The Cathay Pacific Group has reported an
attributable loss of HK$935 million for the first six months of
The loss compares to the profit of
HK$2,808 million in H1 2011. The loss per share was HK23.8 cents
as compared to the earnings per share of HK71.4 cents in 2011,
while turnover for the period rose by 4.4% to HK$48,861 million.
In the first half of 2012, Cathay Pacific’s core
business was significantly affected by the persistently high price
of jet fuel, passenger yields coming under pressure and weak air
cargo demand - factors common to the aviation industry as a whole. Profits from associated companies, including Air China, also
showed a marked decline.
In response to these challenges, the
Cathay Pacific Group introduced measures designed to protect its
business, including schedule changes and capacity reductions, the
withdrawal from service of older, less fuel-efficient aircraft, a
recruitment freeze and the introduction of voluntary unpaid leave
for cabin crew.
At the same time the group kept its
network intact and continued with major investments – new
aircraft, new products and its own HK$5.9 billion cargo terminal
at Hong Kong International Airport – that will benefit the
business in the long term.
Fuel remains the airline’s most
significant cost. Fuel prices were at historical high during the
first half of 2012 (although they decreased significantly at the
end of the period) and this had a major impact on Cathay Pacific’s
In the first six months of 2012, the group’s
fuel costs (disregarding the effect of fuel hedging) increased by
6.5% compared to the same period in 2011. Fuel accounted for 41.6%
of total operating costs.
Managing the risk associated with high
and volatile fuel prices remains a key challenge, and while the airline’s
fuel hedging programme helps to mitigate the impact of fuel price fluctuations, with the fuel price remaining high for the
past two years, realised profit from hedging activities in the
first half of 2012 fell by 59.4% compared to the same period in
In the first six months of 2012, the passenger
business of the Cathay Pacific Group was affected by pressure on
yields against the background of increased fuel prices and higher
Revenue for the period was HK$34,713 million, representing an increase of 9.2% compared to the same period in
Capacity increased by 6.9%, and a total of 14.3 million passengers were carried by Cathay Pacific and Dragonair in the
first six months, which is a rise of 8.6% compared to the same
period in 2011.
The load factor rose by 0.8 percentage points.
Yield increased by 1.2% to HK66.1 cents.
Again, the high cost of fuel made it more
difficult to operate profitably, particularly on long-haul routes
operated by older, less fuel-efficient Boeing
747-400 and Airbus A340-300 aircraft.
The group’s cargo
business was affected by continued weak demand in major markets.
Cargo revenue for the first half of 2012 was down by 7.6% to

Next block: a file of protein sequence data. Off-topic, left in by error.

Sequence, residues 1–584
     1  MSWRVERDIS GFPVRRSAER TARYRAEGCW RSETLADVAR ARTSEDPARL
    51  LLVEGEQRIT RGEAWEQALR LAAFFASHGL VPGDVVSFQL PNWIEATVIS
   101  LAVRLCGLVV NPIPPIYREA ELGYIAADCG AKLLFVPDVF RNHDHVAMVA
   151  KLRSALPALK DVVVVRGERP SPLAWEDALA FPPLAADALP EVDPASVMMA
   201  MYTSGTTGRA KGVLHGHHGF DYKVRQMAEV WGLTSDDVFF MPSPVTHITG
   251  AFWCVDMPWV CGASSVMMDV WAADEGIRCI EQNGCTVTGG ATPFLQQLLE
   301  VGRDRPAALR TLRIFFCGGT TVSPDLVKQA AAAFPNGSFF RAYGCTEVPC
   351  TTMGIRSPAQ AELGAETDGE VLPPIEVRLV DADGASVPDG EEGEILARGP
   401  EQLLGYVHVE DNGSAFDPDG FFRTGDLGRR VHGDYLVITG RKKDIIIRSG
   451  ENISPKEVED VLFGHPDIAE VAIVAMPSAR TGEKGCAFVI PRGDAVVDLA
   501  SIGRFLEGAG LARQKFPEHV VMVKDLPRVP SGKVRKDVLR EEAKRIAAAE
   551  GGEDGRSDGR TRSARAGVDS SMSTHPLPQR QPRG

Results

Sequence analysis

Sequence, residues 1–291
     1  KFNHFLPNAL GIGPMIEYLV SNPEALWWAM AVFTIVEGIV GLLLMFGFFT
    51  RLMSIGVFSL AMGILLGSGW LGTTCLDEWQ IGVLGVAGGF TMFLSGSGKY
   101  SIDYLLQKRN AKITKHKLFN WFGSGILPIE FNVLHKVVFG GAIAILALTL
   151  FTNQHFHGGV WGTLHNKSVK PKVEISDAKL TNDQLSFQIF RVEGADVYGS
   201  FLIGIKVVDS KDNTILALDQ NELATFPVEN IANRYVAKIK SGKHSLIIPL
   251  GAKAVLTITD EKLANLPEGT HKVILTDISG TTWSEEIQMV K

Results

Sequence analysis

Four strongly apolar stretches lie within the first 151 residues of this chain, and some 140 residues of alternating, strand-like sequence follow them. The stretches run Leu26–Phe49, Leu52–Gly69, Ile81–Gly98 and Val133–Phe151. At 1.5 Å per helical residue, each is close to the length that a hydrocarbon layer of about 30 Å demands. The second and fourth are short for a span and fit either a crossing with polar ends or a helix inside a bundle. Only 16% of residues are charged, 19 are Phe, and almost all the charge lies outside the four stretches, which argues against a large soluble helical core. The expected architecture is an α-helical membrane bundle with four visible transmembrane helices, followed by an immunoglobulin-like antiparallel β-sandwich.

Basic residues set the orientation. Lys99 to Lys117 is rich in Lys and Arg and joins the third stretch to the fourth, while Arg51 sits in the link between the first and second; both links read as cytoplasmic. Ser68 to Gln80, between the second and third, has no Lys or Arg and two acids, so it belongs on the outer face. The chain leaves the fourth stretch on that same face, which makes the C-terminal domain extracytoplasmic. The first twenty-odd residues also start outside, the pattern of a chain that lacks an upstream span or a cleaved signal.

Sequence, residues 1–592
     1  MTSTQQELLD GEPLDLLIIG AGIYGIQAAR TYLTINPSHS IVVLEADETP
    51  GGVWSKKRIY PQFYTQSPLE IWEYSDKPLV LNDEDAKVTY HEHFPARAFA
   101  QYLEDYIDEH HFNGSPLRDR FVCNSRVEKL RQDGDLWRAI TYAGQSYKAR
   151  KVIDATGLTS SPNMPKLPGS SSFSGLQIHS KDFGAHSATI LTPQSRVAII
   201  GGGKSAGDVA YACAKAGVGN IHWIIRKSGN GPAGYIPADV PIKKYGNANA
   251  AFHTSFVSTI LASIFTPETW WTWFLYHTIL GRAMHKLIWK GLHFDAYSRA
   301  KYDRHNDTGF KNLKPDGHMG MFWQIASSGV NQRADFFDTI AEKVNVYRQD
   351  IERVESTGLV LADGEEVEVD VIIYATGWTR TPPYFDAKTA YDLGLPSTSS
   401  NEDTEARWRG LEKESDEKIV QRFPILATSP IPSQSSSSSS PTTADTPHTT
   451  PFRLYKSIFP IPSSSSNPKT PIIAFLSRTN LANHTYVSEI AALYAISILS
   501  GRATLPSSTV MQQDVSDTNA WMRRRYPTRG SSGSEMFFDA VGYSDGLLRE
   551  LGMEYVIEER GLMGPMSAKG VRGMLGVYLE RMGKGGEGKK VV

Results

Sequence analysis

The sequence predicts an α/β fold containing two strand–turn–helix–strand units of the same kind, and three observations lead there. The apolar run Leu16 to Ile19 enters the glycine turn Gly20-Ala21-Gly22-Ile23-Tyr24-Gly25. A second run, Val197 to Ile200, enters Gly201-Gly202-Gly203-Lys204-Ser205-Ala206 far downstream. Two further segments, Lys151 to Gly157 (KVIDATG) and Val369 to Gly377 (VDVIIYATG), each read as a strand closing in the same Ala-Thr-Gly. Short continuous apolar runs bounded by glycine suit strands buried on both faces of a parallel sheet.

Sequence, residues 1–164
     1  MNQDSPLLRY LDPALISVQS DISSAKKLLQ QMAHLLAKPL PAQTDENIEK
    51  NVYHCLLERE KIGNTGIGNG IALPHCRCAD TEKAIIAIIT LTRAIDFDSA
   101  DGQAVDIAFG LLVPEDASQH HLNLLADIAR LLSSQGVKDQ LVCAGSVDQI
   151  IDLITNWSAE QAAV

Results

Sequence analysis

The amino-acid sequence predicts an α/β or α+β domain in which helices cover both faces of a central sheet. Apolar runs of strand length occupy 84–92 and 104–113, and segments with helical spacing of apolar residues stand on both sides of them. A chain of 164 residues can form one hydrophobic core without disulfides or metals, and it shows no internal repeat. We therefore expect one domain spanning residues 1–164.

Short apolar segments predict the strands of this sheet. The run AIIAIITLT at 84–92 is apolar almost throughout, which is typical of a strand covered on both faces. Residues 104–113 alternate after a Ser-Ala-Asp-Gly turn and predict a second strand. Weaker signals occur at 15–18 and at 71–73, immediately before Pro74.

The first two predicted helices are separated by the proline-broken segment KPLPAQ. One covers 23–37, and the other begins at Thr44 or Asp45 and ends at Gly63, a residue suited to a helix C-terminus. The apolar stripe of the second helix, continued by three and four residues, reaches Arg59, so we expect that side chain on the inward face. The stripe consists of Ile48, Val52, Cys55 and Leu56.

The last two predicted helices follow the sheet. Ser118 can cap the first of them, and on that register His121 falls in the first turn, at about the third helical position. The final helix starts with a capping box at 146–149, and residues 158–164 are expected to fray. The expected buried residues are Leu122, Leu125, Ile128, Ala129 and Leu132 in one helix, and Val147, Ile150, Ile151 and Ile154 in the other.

HK$11,897 million compared to the same period in 2011. Yield was
down by 0.4% to HK$2.41. Capacity was down by 4.3%, while the load
factor was down by 4.1 percentage points to 64.3%.
shipments from the group’s two key markets, Hong Kong and Mainland
China, was well below expectations, though the introduction of new
hi-tech consumer electronics products in March resulted in a
The airline has continued to develop new markets where demand
warranted doing so, introducing freighter services to Zhengzhou in
March and to Hyderabad in May.
Six Airbus A350-900 aircraft
were ordered in January. In August, the airline agreed to acquire
10 Airbus A350-1000 aircraft and to convert 16 previously ordered
Airbus A350-900 aircraft into Airbus A350-1000 aircraft which has
a bigger capacity and longer range.
The Cathay Pacific Group will
take delivery of 19 aircraft in 2012 which will help to improve
the operational efficiency of the fleet.
In view of their high
operating costs when fuel prices are high, the retirement of the airline’s Boeing 747-400 passenger aircraft has
also been accelerated.
Three Boeing 747-400BCF freighters have also been withdrawn from
service in order to reduce costs.
In May, Cathay Pacific
announced its intention to reduce some passenger services on
transpacific routes. This will enable fuel-efficient
777-300ER aircraft to operate on routes currently served by older
less fuel efficient Boeing 747-400 aircraft.
The group has
increased some services in Asia, where demand is relatively
robust. Dragonair introduced or resumed flights to six
destinations – Xi’an, Guilin, Clark, Jeju, Taichung and Chiang Mai
– and will introduce flights to Kolkata and Haikou later in the
Cathay Pacific also continues to improve products and services in
the air and on the ground. A new Premium Economy Class was
launched alongside new long-haul Economy Class seats. The airline
also continued to install its popular new Business Class on
Cathay Pacific Chairman Christopher Pratt said,
“Aviation will always be a volatile and challenging industry and
our business will always be subject to factors, including economic
fluctuations and fuel prices, which are beyond our control. The
cost of fuel is the biggest challenge, although the recent
reduction in the fuel price will, if sustained, provide welcome relief. We will continue to take whatever measures are necessary
to protect the business, managing short-term difficulties while
remaining committed to our long-term strategy. Our financial
position remains strong and we are in a good position to deal with
our current challenges. We will continue to invest in the future,
using our core strengths – a superb team, a strong international
network, exceptional standards of customer service, a strong
relationship with Air China and our position in Hong Kong – to
ensure the continued success of the Cathay Pacific Group.”
See other recent news regarding: